Best Management Practices are simple management strategies and tools that can help decrease potential negative effects horses' have on the water and land.
In recent years water has become a very serious issue locally, as well as statewide. We are not alone, as most states will or already do face the same problem. Everyone has a part in protecting our potable water resources to ensure clean water today and for future generations.
Due to the concentrated number of horses in our county, the equine industry poses a higher risk for negatively impacting the water.
|How do horses and horse farms impact our water negatively?|
|Why are BMPs essential to proper farm management?|
|BMPs an overview.|
|Proper farm management: local and state laws.|
1. Manure and urine – manure is made up of many different components, nitrogen being one of them. Excess amounts of N+ can:
- Increase algae growth, which then can harm and kill fish and aquatic life.
- Make the water undrinkable for humans and animals when excessive levels are found in the water.
- Leach into our ground water. Florida, in particular, has a ground with little ability to hold this excess, so the rest goes to the water below.
2. Over or improper fertilizer handling – adding too much, or the wrong type of fertilizer and fertilizing soil with an improper pH adds additional N+, as well as other potential harmful nutrients to the soil. This can also waste your money!
3. Overstocking the land – this leads to overgrazing which will potentially destroy good vegetation:
- Without grass, the land has no ability to take up the N+, so all of it goes straight to the aquifer.
- Little or no vegetation increases soil erosion, thereby increasing sediment in the aquifer.
- It decreases property value and can also decrease usefulness of the land due to erosion, but it will increase the money needed by farm for upkeep.
- Potentially increases chance of sand colic.
1. They help to decrease or eliminate harm to water:
- By using these simple techniques properly, you decrease or eliminate your farm's negative impact on the environment
- Each impact adds up to big difference.
2. They improve the quality of the farm, thereby improving conditions for horses:
- More grass in the pastures leads to better grazing conditions, which logically improves nutrients being taken up by horse.
- It may help decrease worm and insect infestation, thereby reducing medical issues for the animals, reducing the money spent on medical issues.
3. They improve farm business:
- Helps improve business when a beautiful appearance is given to the farms.
- A smartly run business helps to sell itself-this counts in the horse industry.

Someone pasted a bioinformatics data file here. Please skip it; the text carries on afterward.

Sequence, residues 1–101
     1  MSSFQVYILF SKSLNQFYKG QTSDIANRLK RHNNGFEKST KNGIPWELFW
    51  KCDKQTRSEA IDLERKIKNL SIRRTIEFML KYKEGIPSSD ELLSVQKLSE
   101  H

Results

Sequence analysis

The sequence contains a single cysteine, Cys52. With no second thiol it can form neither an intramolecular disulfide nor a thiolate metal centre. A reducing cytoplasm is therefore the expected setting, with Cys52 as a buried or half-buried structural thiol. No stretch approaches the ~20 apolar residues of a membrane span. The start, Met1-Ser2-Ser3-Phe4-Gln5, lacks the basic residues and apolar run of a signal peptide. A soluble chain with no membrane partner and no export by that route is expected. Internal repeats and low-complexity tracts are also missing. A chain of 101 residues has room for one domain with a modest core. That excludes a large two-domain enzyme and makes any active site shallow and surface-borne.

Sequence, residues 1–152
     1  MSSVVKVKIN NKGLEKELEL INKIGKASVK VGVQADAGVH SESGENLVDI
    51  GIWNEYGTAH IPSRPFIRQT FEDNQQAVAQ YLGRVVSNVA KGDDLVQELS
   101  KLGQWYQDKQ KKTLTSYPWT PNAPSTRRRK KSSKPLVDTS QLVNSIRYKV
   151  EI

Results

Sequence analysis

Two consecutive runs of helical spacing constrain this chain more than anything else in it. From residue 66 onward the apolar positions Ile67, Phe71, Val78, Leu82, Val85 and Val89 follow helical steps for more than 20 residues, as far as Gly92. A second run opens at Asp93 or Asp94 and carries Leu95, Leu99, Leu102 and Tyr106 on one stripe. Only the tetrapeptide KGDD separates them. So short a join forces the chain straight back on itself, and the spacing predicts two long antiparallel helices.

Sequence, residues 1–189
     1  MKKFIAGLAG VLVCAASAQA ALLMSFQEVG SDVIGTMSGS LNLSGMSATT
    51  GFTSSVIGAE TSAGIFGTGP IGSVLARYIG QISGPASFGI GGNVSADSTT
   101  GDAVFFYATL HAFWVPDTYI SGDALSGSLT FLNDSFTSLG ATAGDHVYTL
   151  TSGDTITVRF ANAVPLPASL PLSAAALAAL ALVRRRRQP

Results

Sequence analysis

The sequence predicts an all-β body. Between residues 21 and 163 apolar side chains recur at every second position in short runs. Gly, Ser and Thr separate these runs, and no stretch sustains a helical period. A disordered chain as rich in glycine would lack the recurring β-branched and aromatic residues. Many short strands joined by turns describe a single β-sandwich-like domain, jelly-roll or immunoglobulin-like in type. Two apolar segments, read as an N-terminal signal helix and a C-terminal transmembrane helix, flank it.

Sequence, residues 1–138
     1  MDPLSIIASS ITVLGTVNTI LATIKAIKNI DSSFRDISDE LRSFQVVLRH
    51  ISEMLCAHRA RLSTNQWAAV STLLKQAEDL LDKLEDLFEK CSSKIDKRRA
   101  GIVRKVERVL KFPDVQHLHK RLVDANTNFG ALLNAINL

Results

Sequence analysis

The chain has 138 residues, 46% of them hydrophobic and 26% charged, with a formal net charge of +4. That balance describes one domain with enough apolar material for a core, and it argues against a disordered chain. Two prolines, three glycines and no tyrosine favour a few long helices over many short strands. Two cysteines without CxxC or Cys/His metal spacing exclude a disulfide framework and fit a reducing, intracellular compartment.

1. No stockpiling of manure in sinkholes/excavated mines or pits.
- Any dumping in sinkholes only increases excess N+ ability to reach aquifer.
2. Proper fertilization of pastures.
- 50lbs nitrogen per acre generally recommended rate for pastures.
- Rates are higher when growing to hay.
3. Soil-test all areas to be fertilized first.
- Saves the farm money by only using correct item/amount.
- Ensures proper amounts/rates that can be best taken up by the grass.
- Should soil test every 2-3 years to find out correct needed nutrients and soil pH.
4. Proper spreading of manure or disposal via hauling away or composting.
- Use 1 horse-per-spreadable acre as a guide.
- Spreading manure/shaving will be acceptable; must be careful with application rates.
- Composting on-site is an excellent way to decrease manure's harmful effects AND increase numerous benefits to soil.
- It makes an excellent soil amendment.
- It allows soil to need less water.
- It is an excellent slow-release fertilizer.
5. No dumping of manure in wetlands, streams or any water feature.
1. Pasture Best Management Practices include:
- Proper stocking rates of pastures.
- The University of Florida recommends 1:1- 2 1/ 2 ratio as a minimum\
- As much as five acres per horse for pastures; horse breed, grass type, soil base, stocking amounts all factors for not allowing pastures to become overgrazed.
- Maintain grass levels of at least 3 inches.
- Use proper pasture rotation to allow grass time to rest and regrow.
- Where applicable, plant additional seed and winter rye to help maintain pasture thickness.
- Cut larger pastures into smaller ones to allow for more uniform grazing.
2. Develop a plan for manure handling.
- Make sure that manure spreading on paddocks is within acceptable rates. (One spreadable acre per horse.)
- Either composting manure on-site or removing to an environmentally-friendly alternative is best.
1. Marion County Springs Protection legislation:
- Adopted in 2009.
- Excessive manure stockpiling now prohibited; piles must get picked up a maximum of every 3 months.
- Fertilization maximums will also now be enforced; 50 pounds of Nitrogen per acre is the maximum which may be applied to pastures.
2. Florida Department of Environmental Protection (DEP) legislation regarding CAFO's:
- Concentrated animal feeding operation.
- Any facility housing animals 45 days or more must have groundwater permitting.
- Initially for 500 horses or more; will affect 150-499 horses in future.
- Any facility seen to be a nitrogen emitter by DEP can have legislation enforced upon it.